It’s long been a predictable pattern. A state or locality relaxes its restrictions on carrying firearms and doesn’t devolve into the anarchy gun opponents predicted. The latest example comes from Mississippi, where last year a change in the law, and a Mississippi Supreme Court ruling, ensured that law-abiding residents could exercise their right to carry openly without a permit. According to a report in Mississippi’s Clarion-Ledger, after a year of lawful open carry, not much has changed.
In 2013, Mississippi enacted House Bill 2, which amended the state’s definition of a concealed firearm. Previously, a person could have been in violation of the law for carrying a gun in a manner in which any portion of the firearm was obstructed from view, such as when it was in a holster. Prior to HB 2’s enactment, the Mississippi Attorney General’s Office had also opined that the state’s concealed carry permit only offered protection for the carrying of firearms if the firearm remained completely out of sight.
The 2013 law makes clear that with regard to the state’s prohibition on concealed carry:
“concealed” means hidden or obscured from common observation and shall not include… a loaded or unloaded pistol carried upon the person in a sheath, belt holster or shoulder holster that is wholly or partially visible, or carried upon the person in a scabbard or case for carrying the weapon that is wholly or partially visible.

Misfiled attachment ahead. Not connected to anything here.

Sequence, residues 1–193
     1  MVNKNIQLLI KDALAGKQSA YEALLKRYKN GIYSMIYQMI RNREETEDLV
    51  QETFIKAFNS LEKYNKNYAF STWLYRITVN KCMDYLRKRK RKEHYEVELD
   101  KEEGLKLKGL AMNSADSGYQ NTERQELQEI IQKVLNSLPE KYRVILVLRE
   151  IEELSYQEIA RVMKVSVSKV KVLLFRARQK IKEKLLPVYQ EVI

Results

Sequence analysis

Subsequently, gun control activists filed a motion to stop the law from going into effect, and succeeded in getting a Circuit Court judge to temporarily halt enactment of the law. The case made its way to the Mississippi Supreme Court, which dismissed the petition and unanimously backed the new law.
Anti-gun advocates argued “Allowing the open carrying of deadly weapons could cause the escalation of disagreements between citizens and could lead to increased incidents of violence with deadly weapons in the State of Mississippi.” The document also speculated, “When firearms are openly carried by untrained individuals, it is less likely that these individuals will properly retain control of their weapons. Therefore, others are able to easily disarm carriers in order to use the weapon against innocent bystanders.”
Clarion-Ledger writer Geoff Pender notes just how wrong these predictions were. Pender’s piece cites the legislation’s author, Rep. Andy, Braxton as stating, “A year later, we don’t have the wild, wild West.” Director of the Mississippi Association of Chiefs of Police Ken Winter, who Pender explains had reservations about the bill, is also quoted on the topic. Winters stated, “It’s kind of been a non-issue.”
Mississippi joins a continually growing list of jurisdictions that have chosen to better respect the right to carry, and failed to suffer the negative consequences predicted by gun controllers. Each time anti-gun advocates are proven wrong, the efficacy of NRA’s position becomes clearer. Legislators and other public officials should place their trust in their constituents’ ability to exercise their rights responsibly, rather gun control advocates’ unfounded fear-mongering.
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